In Cincinnati painting circles two names, from a recent past, keep their magic. The late Paul Chidlaw and the late Jack Meanwell, both of whom painted with a flashing style raised from the canvas in waves of impasto excitement. Both artists’ works are available at Mary Ran Gallery, but it’s Jack Meanwell who’s currently in the gallery spotlight. Thousands of pieces of Meanwell’s arework on hand at Ran, much in the form of small pieces and studies, but about 100 “really good” finished canvases. (Quotes from Mary Ran.) The range of subjects , style and media hit nearly everything in two dimensional description, starting with a large , late-in-career landscape, “Landscape in Primaries”, 60” x 72”, in the front window of the gallery , a real traffic stopper.
Strange to say, it was Jack Meanwell’s flowers that first captured my attention many years ago. I’m not much of a flower art lover, but these were botany in motion. Such activity in such a simple subject convinced me that Meanwell was a cut above.
Action bursts from his double nude drawings with the same quality found in all of his subject matter, as if the artist couldn’t wait to put medium to paper. The obvious speed and gesture generate excitement. Surrounding areas are splash-painted with corresponding energy in color that often denies a perceptible hint of antagonism between the subjects. If I had not seen the flowers first, these would have certainly sealed my interest. These drawings pick up the gauntlet and run. Figures merge, assume combatant poses, circle each other in competition for the foreground and through frenzied line convey a comprehensive menu of human emotions a deux.
No less captvating are some very small , about 5” x 7”, watercolors in rectangular format on a larger piece of paper. Totally abstract, perfectly presented with Meanwell’s innate color sense, these little gems were just that: gems.
Most of the paintings being shown are rather abstract landscapes, in medium to large measurements, retaining the basics of sky, land and water even while being blown wildly apart by infinite slashes of color. These little shards of paint clambering over the surface in what seemingly has no definitive meaning, eventually resolve into impressions of Meanwell’s little island in Canada, painted over and over again, but never truly repeating itself. Born in Canada, he returned each summer to the quiet, remote world of Mcgregor Bay, never losing his fresh eyes for the variety this familiar landscape presented: reflections in the surrounding water, the appearances of aurora borealis, the moods of both weather and artist, interpreted with uninhibited involvement.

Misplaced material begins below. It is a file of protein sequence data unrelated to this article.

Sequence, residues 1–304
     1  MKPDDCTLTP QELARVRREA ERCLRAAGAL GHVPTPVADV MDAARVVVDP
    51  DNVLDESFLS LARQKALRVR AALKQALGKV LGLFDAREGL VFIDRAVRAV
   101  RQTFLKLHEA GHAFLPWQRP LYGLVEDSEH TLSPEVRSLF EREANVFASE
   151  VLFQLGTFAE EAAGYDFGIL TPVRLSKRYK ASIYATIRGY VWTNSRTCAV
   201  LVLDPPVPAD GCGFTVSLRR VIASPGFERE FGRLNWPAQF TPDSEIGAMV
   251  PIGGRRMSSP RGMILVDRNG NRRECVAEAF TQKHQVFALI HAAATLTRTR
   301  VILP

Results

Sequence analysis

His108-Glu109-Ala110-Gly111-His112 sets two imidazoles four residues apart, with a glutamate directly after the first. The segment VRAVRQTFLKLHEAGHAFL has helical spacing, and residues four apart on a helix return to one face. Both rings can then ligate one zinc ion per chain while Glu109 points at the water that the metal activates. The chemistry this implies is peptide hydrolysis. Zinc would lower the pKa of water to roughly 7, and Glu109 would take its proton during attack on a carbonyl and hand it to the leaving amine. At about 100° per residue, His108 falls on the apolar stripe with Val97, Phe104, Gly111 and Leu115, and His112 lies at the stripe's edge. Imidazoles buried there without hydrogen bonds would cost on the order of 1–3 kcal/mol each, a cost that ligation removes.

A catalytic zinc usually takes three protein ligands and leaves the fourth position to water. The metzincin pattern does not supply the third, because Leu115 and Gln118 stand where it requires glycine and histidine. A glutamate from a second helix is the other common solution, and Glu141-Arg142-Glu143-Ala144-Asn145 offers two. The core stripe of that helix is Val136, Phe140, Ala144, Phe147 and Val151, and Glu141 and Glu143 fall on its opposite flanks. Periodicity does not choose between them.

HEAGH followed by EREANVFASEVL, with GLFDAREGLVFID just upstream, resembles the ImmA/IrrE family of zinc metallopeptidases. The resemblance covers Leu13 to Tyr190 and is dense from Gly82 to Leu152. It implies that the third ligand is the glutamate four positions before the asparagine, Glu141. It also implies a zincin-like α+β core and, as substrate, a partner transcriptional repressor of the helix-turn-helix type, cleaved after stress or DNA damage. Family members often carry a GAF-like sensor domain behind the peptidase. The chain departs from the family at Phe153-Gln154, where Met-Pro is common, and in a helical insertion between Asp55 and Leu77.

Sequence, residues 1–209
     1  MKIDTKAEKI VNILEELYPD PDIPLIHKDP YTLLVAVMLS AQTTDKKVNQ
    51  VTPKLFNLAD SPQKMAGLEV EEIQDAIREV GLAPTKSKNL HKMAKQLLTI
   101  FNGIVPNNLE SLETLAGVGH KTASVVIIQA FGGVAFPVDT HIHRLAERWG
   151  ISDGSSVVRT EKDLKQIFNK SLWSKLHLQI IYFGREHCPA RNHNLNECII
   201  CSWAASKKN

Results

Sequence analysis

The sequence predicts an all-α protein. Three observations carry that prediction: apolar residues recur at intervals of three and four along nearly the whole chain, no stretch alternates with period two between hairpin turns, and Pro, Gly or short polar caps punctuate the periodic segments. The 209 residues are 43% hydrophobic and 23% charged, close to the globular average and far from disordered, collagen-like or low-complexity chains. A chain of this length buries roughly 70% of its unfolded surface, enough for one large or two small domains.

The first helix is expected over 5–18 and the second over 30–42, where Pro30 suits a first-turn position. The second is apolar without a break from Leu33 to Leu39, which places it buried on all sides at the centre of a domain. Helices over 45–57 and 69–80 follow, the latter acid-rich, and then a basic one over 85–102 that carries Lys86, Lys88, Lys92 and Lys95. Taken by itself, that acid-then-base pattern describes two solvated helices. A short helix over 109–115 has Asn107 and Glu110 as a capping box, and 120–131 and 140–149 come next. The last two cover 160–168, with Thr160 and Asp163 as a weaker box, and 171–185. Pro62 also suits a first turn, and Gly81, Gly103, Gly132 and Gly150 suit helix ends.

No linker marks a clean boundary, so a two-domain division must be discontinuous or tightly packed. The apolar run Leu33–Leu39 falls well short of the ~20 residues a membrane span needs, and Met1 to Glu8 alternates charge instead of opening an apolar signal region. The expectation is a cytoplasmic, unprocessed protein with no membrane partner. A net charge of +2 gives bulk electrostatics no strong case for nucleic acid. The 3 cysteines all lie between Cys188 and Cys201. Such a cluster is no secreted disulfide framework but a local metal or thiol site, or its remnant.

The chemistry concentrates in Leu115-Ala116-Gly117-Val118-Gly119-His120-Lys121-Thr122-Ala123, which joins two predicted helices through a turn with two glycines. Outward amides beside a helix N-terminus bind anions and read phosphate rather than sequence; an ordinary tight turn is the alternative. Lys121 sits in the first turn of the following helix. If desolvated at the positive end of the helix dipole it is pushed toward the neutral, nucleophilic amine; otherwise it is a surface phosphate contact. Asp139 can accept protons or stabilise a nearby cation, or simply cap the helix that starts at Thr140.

Not that he was just as likely to portray local sites. One large, pastel-palette painting depicts the Cincinnati skyline in a nearly non-objective rendering. Like most of his landscapes, it takes a minute to find a place to hang your opinion, as they offer so much. Eventually you will discover the bridges, the river and the city itself melting into the paint quality, enhanced by its mystery.
As can be expected with so much impasto, texture takes on the next important place in Meanwell’s work. When it isn’t physically popping up from the surface of the canvas, it lurks in unsuspected shapes strewn almost at whim, waiting to surprise the viewer with tiny patches of bonus pleasures.
Then, should you tire of color, there are a few monochromatic drawings, and even a couple in nearly basic black: good reason to keep peering around the corners of the Ran Gallery for hidden treasure.
In addition to talent, Meanwell was a truly nice human being, a fact which made his classes at the Art Academy of Cincinnti continuously popular. Any gathering of Cincinnati artists will provide vignettes attesting to his part in their progress.
For years, Closson’s was his gallery of choice in which to show. But his venues over the years included hundreds of exhibits in area galleries, as well as Chicago, New York, and Canada. His early participation in the Canadian Group of Seven would certainly add to their pride in his accomplishments.
In a way, Jack Meanwell was an outsider artist, a phrase that rankles in many circles, in that he had no MFA. He was a an executive with a coffee company. Art was pushed away into spare time, and a basement studio, but art kept pushing back until Meanwell sold his interest in the company and turned to full-time painting, probably because he realized it was what he was meant to do. That takes guts, passion and confidence,
“These men were driven,” mused Mary Ran.
That drive in art has not diminished in Cincinnati. It’s always there, motors idling, looking for fuel.